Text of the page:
Jay Reding doesn’t write nearly enough, but when he does, it’s always good.
And he does in one post what I did in about ten with my “What the hell is wrong with the MNGOP series” in this piece, “Winning on Principles”:
Everyone looks at the GOP’s problems through the lens of “conservatives” versus “moderates.” That is the wrong way to look at the issue: what this battle really is about is “principles” versus “politics.” The moderates want the GOP to play towards what they see as the political “center”—or the left. The principle-minded factions wants the GOP to stand on a bedrock of principle.
The dichotomy in Minnesota is best shown by watching “Sturdevant-approved” Republicans railing against “extremism” in the party on the one hand, and conservatives calling Tim Pawlenty a “RINO” on the other.
The moderates have a point. If you want to win as a party, you go where the votes are. It’s classic Anthony Downs, the voters fall along a bell curve and the party that can capture the most votes in the middle will win the election.
But the problem is that if the choice is between the Democrats and the Democrats-Lite, why not vote for the real thing? If Republicans start advocating for more government control, they lose the conservative and libertarian wings of the party and end up losing anyway.
Also the country; so many Democrat policies are irreversible; the nation’s addiction to other peoples’ money booms every time the Dems have unfettered power, and short of an epochal catastrophe will never go back to where it was.
There has to be room for both. The GOP cannot win by turning its back on its principles, but it has to be able to advocate for those principles. Being the best conservative in the world does absolutely nothing unless the GOP cannot get others to understand the importance of that stand.
That is the problem with the GOP today. They have no ability to connect with the average voter. They’ve lost the popular imagination, they’ve lost their political “brand” and there is no message coming from the GOP today. Even when they do have a point, they are so ham-handed in making it that they end up hurting each other.
I’ve written it before; conservatism is difficult. When you get beyond single-issue advocacy on abortion, guns and taxes, conservatism takes some serious thought to wrap your arms around. P.J. O’Rourke framed it well in Parliament of Whores; Liberalism is Santa Claus – happy, indulgent, with only hypothetical consequences (did anyone actually get a lump of coal? C’mon) and, in the end, nonexistant; Conservatism is like God – there are immutable rules and consequences, and judgments get made! It can be difficult selling “abstemiousness, principle, consequences and eternal truths” when the alternative is “Barack Obama is going to pay my mortgage and my heating bill”.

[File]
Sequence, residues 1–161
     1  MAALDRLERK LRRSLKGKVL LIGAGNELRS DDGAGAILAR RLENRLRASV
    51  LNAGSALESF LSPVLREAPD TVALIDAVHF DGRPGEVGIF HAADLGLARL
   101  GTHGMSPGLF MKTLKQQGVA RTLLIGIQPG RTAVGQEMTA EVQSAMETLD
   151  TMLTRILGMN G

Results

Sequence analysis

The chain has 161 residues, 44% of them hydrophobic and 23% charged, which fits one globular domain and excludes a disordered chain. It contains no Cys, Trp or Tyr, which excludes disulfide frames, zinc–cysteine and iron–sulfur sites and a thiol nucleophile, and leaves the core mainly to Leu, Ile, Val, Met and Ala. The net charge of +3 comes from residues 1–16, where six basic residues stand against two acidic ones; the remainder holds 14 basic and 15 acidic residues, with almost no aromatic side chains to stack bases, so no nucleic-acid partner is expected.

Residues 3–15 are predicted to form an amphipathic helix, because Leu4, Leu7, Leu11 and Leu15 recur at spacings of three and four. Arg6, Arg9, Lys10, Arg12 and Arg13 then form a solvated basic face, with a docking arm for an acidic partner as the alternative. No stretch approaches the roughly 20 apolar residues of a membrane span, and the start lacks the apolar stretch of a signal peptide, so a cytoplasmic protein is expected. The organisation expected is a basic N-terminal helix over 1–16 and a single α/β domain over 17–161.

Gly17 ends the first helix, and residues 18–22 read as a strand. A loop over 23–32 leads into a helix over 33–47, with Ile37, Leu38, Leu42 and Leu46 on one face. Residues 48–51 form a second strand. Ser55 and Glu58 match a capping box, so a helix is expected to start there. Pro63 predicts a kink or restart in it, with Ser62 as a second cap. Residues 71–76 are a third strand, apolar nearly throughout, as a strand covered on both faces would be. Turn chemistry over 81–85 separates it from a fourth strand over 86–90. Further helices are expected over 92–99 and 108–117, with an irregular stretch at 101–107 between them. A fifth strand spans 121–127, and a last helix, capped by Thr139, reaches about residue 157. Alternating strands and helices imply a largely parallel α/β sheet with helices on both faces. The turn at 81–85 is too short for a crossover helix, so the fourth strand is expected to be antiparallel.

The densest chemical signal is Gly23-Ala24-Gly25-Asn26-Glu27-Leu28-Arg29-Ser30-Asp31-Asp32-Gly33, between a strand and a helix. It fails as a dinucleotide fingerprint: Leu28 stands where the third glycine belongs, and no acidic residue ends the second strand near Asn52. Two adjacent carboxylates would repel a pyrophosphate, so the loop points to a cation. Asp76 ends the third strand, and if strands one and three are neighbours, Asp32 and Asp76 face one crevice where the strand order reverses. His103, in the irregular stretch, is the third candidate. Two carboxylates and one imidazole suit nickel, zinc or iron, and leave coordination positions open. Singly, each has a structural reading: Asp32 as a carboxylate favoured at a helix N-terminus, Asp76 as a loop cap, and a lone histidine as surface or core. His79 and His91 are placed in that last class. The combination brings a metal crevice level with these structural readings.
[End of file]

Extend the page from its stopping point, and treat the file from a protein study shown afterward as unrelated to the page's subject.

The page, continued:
It should go without saying that it’s harder when the media actively sabotages that message – and worse still when the likes of Duke Cunningham sabotage it even more. Still, that’s what we’re here for.
Reding notes something I’ve been trying to discuss with my Dem friends:
All is not lost. Obama is a mule—a rare character that comes out of nowhere, establishes power, but leaves no lasting coattails. Obama is a rare individual, which makes him dangerous to the GOP, but the more the Democratic Party becomes a cult of personality, the worse off they are. Obama becomes largely irrelevant no later than 2016, and by then the sheen will be off.
This is a good point. If people thought we had Bush fatigue – for an administration that, leaving the war aside and ignoring for a moment his spending (which was un-conservative but seems almost quaint looking at Obama’s budget) didn’t really do all that much – then Obama is going to leave a toxic hangover, even if he does win re-election.
Now is the time that the GOP needs to regroup and experiment.
That is what the GOP ultimately needs to do. They can’t be afraid of failure. They’ve already failed, now is the time to be bold. Yes, the GOP needs to stand on its principles, but what they really need to do is win on those principles. That means trying everything they can to advocate for their values and seeing what sticks. As badly as Michael Steele’s first weeks on the job has been, at least someone is trying new tactics.
This is a good point. In my job – designing user interfaces – sometimes you need to show the customer a design that isn’t quite right. It gets them thinking about what they do want things to work like – which is the goal in the first place.
Moving in a direction will help people figure out how to move in the direction.
Politics is cyclical, and the Democrats are already sowing the seeds of their own downfall. They will grow complacent and arrogant (and have already), and the GOP will get their opening. Exploiting that weakness will take time and trial. But the Republican Party must learn to stand for something and be able to make that stand one that others will join. That is a tall order, but it is the way politics work in America. Politics is cyclical, and any claim of permanent Democratic majority status is as premature now as claims of a permanent Republican majority in 2002 were then.
Heh. Anyone remember that discussion?
Anyway – go read the whole thing.